Archive for September, 2004

State control of the internet in China

Monday, September 27th, 2004

People’s Republic of China: State control of the Internet in China. – Amnesty International

A reminder not to take freedom for granted: this Amnesty International release calls attention to 33 “prisoners of conscience who have been detained for using the Internet to circulate or download information.”

“The authorities have introduced scores of regulations, closed Internet cafes, blocked e-mails, search engines, foreign news and politically-sensitive websites, and have recently introduced a filtering system for web searches on a list of prohibited key words and terms.”

Frankly, some of China’s rules for use of the Internet make sense. After all, what countries permit the distribution of state secrets on the Internet? Wouldn’t it be nice to live in a place without shit-disturbers? Hell, maybe my life would be better without porn…. Sigh. It would be nice to just let someone else take over and make my life a smooth journey to the end. Soothe away the worries, let me rest a while in the enveloping cocoon of an overseeing government that worries about things so I don’t have too.

Ah, hell, we all know that won’t work: if it’s not a house of cards, it’s a work camp.

Individuals and states live in a precarious balance of individual versus state interests. When states try to manufacture reality, the individual is in peril. Controlling access to information is part of manipulating the individual.

I can see you don’t want recipes for nerve gas being distributed around the Internet, but I don’t know who I’d trust to keep that information for me (or from me).

How do you balance the interests of individuals and states? How can you ensure that an individual has free access to information and at the same time ensure the rest of us are safe from him?

Recently (Google news service in China blocks banned sites), Google dropped sites banned by China in results returned to Chinese searchers. Their argument was that if people can’t get to the banned sites, then there is no point in including them in the results.

That’s considerate on the surface, but it also applies the finishing touch to the censorship – now people will not even know what they cannot know.

As I see it, if an index is distributed among many independent machines, then the operators of those machines can decide what they want to allow. Anyone on any of the other machines can subvert or support that by having his own set of rules. In the end, what’s available is a matter of consensus.

If information is not widely distributed throughout the (distributed) index, then the number of hits will go way down.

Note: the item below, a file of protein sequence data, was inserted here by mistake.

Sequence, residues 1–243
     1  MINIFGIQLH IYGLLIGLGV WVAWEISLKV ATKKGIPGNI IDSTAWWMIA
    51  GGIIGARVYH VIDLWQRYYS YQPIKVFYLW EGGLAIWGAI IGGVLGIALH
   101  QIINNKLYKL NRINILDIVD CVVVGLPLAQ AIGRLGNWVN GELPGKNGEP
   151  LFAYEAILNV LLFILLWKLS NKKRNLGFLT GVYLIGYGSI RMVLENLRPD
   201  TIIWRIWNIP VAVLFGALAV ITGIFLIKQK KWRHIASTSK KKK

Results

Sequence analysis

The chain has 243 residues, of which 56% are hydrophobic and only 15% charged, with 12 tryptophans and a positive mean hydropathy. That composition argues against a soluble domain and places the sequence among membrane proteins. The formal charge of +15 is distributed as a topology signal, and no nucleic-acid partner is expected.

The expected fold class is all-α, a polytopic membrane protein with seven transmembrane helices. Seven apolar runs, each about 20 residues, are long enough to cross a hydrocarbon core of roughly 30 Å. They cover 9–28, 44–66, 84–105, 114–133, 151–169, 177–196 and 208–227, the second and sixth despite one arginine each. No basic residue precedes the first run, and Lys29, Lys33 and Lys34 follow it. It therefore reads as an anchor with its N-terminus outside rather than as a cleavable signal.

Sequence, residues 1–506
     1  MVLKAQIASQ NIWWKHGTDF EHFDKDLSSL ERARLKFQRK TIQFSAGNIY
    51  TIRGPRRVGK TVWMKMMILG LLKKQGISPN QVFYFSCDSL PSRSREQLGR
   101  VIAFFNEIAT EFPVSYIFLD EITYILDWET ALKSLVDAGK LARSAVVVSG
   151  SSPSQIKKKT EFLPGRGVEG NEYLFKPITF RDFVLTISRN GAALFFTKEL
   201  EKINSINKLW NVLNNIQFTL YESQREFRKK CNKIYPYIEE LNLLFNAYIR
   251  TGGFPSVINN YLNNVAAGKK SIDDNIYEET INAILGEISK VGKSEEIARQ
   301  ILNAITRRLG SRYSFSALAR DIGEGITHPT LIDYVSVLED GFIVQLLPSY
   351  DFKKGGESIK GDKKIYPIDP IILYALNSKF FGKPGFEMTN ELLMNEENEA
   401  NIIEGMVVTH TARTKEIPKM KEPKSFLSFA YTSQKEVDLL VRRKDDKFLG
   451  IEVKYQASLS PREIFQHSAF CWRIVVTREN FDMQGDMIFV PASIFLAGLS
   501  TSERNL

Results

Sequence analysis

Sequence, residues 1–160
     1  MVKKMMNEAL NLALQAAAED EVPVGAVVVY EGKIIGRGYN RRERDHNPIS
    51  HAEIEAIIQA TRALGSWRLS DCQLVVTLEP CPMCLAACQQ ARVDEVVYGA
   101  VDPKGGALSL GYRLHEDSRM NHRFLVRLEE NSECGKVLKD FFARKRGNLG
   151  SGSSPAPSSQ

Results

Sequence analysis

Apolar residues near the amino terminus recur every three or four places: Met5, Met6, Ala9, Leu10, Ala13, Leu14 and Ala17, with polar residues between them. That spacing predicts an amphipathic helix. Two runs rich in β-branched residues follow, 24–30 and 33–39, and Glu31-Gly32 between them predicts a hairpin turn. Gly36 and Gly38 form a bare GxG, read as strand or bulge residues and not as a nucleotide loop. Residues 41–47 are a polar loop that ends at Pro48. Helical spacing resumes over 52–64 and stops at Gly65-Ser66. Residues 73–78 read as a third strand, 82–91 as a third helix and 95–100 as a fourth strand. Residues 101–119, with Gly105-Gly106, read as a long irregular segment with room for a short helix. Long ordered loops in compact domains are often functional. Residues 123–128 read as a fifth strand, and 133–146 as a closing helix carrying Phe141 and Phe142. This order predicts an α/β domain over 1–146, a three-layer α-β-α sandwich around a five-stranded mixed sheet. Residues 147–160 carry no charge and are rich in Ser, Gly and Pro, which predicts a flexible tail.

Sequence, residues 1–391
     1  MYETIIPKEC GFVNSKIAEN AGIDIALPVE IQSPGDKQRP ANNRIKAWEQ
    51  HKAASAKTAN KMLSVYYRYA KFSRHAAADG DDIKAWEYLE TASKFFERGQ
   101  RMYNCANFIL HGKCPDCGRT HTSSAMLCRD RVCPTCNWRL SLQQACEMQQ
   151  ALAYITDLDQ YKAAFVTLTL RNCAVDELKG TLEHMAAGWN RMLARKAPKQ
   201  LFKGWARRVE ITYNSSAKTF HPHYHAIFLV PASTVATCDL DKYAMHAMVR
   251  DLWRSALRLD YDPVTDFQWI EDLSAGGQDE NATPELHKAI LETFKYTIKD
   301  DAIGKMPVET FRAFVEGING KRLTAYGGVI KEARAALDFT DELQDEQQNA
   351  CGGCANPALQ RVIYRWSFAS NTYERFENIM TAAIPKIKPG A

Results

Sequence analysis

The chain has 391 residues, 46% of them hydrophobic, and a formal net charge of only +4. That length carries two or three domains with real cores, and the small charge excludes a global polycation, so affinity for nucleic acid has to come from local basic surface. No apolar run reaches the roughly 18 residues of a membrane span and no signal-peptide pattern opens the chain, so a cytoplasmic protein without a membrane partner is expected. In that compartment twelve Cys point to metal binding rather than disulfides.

But that’s not enough. In an unregulated index, all sorts of information will get through, and it’s not always a good thing.

Imagine if the recipe for Ice-9 ever got out on the Internet.

That’s the formula Kurt Vonnegut writes about in Cat’s Cradle which has the potential to freeze all of the earth’s water, and destroy life itself.

Some guy would post it on his web site, and a spider would find it. Recognizing it as a key document, the index would rank it high enough that it would come out at the top of an innocent search for Ice-9 by a nine-year old girl living in Nebraska and doing an essay on Vonnegut for her school’s winter arts festival.

Her tragic and bizarre death at the kitchen sink while trying to make a batch of Ice-9 would be reported on in the local papers and would be picked up on by 20% of all teenaged boys who would do searches for Ice-9 in the index and post the information on their own web pages along with an infinite variety of misspellings of the word ‘cool’, thus boosting the ranking of “Ice-9” in the index even more.

It would be a very short period of time before we were all dead – all because of a lack of effective regulation on the distribution of information.

So on one hand we have excellent reasons to promote the free exchange of information, and on the other we have equally excellent reasons to restrict it.

And while it’s important to keep certain information from reaching certain people, it’s also important to make sure that bad people never, ever, discover each other and form a club.

What are the individual’s fundamental rights in this case? Individual freedom of speech? The right of association? Is there a limit? Is the Internet a Pandora’s box of horrors?

Is an un-censorable index a good thing? I think the immediate response usually is: “can you trust the people who do the censoring?” History indicates the answer to that one is “no.”